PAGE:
So back in January I decided that I either had to go into therapy or get a life coach or I might go insane because I was born to change the world and so far all I’ve done is changed careers four times. And a lot of dirty diapers.

I thought if I went into therapy there was a good chance I might never get out, so I thought it was safest to try a life coach first. So I began the search for a life coach to tell me what I am supposed to do with my life and why I always feel like a fish out of water wherever I go.  You want to have a fun couple of weeks? Interview some life coaches.  Ones you find on the Internet and not through a referral because of course, you don’t associate with anybody who doesn’t double over laughing in amusement by the whole concept.

But it was awesome. Wow. Some life coaches have PhDs, or some sort of relevant training and some life coaches have an extra phone line and illusions of grandeur.  And honestly, a lot of the times you can’t tell which is which by talking to them.  Some are really great and some are train wrecks. But, to their credit, they are amusing train wrecks. Like the guy who I was interviewing that talked to me for a half hour about why he thinks his second wife left him. I had to interrupt him, “Hey, could I offer you some coaching? She just not that into you.”  After that moment of genius, it got me thinking that maybe I should be a life coach. I mean, if all you have to do to be a life coach is give people advice and help them solve their problems, then sign me up.  I clearly don’t have a great grasp of the world, but I know about people. I can read people. And like I said, my personality books tell me I’m well-suited to be a psychic as well. So who wouldn’t want a psychic life coach?  But, I’m an intellectual snob and as such, I can’t get behind waking up one day and calling myself a life coach.   So that is a whole other fun story, but the point is, I actually found a coaching situation in February and signed up for a year and it has, much to my delight and surprise, actually changed my life.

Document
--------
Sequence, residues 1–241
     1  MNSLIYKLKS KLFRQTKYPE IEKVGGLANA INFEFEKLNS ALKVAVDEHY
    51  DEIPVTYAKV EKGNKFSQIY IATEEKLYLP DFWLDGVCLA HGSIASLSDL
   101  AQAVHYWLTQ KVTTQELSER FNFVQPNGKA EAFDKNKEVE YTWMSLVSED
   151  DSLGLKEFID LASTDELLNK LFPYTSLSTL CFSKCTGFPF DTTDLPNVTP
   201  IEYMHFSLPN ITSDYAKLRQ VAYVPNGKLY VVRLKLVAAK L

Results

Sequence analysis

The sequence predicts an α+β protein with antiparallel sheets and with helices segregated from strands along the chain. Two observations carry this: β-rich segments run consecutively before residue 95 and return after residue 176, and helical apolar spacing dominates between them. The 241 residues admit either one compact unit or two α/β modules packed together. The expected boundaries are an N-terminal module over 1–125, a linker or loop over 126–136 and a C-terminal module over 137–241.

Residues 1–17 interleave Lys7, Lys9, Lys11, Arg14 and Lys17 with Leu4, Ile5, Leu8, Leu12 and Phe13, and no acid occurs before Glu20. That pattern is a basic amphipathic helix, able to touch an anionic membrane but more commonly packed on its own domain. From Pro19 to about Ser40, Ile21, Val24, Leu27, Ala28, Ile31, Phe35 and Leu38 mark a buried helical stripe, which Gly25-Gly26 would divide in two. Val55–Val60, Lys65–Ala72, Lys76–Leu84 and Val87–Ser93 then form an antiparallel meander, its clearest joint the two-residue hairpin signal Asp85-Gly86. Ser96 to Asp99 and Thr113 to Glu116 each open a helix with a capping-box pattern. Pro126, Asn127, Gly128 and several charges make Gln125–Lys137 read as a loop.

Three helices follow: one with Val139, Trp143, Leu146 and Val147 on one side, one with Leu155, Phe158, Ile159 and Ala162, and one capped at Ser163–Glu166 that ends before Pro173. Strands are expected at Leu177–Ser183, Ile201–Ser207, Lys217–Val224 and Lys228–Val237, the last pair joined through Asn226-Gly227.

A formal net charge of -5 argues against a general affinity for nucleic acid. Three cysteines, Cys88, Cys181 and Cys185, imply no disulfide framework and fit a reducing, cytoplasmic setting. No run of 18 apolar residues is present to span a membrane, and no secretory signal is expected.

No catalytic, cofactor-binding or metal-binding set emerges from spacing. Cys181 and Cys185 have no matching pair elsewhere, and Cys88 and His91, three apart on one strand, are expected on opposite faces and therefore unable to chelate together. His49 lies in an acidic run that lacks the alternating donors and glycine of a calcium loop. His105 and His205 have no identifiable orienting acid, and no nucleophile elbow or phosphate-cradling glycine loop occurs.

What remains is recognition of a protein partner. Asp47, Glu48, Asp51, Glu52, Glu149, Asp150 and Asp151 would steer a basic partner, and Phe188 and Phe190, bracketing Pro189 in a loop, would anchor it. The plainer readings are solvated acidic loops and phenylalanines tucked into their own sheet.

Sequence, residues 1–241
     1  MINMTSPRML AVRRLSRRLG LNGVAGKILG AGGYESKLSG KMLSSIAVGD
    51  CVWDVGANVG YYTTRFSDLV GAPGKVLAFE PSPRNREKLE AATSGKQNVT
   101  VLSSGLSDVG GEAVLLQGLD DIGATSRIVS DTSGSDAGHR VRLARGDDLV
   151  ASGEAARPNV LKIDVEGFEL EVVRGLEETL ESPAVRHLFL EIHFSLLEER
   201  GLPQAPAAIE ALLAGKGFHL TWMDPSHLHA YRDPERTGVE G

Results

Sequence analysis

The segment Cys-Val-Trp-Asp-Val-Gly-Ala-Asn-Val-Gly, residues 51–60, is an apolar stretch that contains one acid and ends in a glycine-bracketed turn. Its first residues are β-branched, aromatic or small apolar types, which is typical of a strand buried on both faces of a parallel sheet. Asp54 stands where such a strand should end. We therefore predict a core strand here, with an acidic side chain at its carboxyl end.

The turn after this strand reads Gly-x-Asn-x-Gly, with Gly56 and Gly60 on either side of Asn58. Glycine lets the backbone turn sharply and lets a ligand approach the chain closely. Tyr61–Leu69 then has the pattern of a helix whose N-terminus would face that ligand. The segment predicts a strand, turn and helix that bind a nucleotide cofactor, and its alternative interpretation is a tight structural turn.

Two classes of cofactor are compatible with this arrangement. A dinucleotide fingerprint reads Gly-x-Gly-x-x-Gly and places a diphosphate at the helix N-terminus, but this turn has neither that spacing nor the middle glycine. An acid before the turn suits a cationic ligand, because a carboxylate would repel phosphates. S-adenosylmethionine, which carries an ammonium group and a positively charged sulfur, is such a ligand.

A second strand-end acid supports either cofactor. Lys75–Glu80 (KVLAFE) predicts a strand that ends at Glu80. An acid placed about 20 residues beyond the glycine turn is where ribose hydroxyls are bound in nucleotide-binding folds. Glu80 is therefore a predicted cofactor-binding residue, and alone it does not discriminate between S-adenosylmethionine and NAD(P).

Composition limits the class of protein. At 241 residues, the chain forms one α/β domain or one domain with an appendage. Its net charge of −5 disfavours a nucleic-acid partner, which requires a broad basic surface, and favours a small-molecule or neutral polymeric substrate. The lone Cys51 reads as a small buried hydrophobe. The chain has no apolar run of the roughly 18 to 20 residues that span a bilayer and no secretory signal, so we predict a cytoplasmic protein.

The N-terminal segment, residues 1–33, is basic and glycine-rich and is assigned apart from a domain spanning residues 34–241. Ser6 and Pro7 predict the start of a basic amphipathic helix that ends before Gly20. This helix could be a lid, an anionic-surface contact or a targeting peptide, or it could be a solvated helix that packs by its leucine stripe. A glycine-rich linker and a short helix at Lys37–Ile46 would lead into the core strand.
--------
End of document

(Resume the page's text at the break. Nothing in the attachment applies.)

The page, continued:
That said, the meaning of life hasn’t presented itself. And I’m still working for The Man. And a few months into it I was still feeling pretty alientated from the world.  My coach recommended that I do stuff that comes naturally to me, take inspired actions and go find my tribe.  She suggested that perhaps people in my tribe don’t hang out at my corporate entity.  Perhaps if I were really living the life I was born to live, it wouldn’t be as a corporate drone at a Fortune 100 company. It would be me, doing something else, surrounded by other people that teach and inspire and make me laugh everyday.

A concept I hadn’t thought of. One I wasn’t sure existed.

So what did I do after my third glass of wine one night? I started this blog.  People in real life laugh at my stories. And it turns out that when I’m at my best, I’m entertaining people with my stories, but they aren’t always of the ilk that are appreciated around the water cooler at work, or at dinner parties with parents from my kid’s school. So I decided to hell with it – what if I just wrote all my stories down and didn’t worry about what my coworkers or family or the world in general thought about it, and then maybe my tribe would find me. Maybe people who “get” me will enjoy what I write, and start reading it and I will have a community of people who I can entertain and who I “get” and who will teach and inspire and motivate me to be great.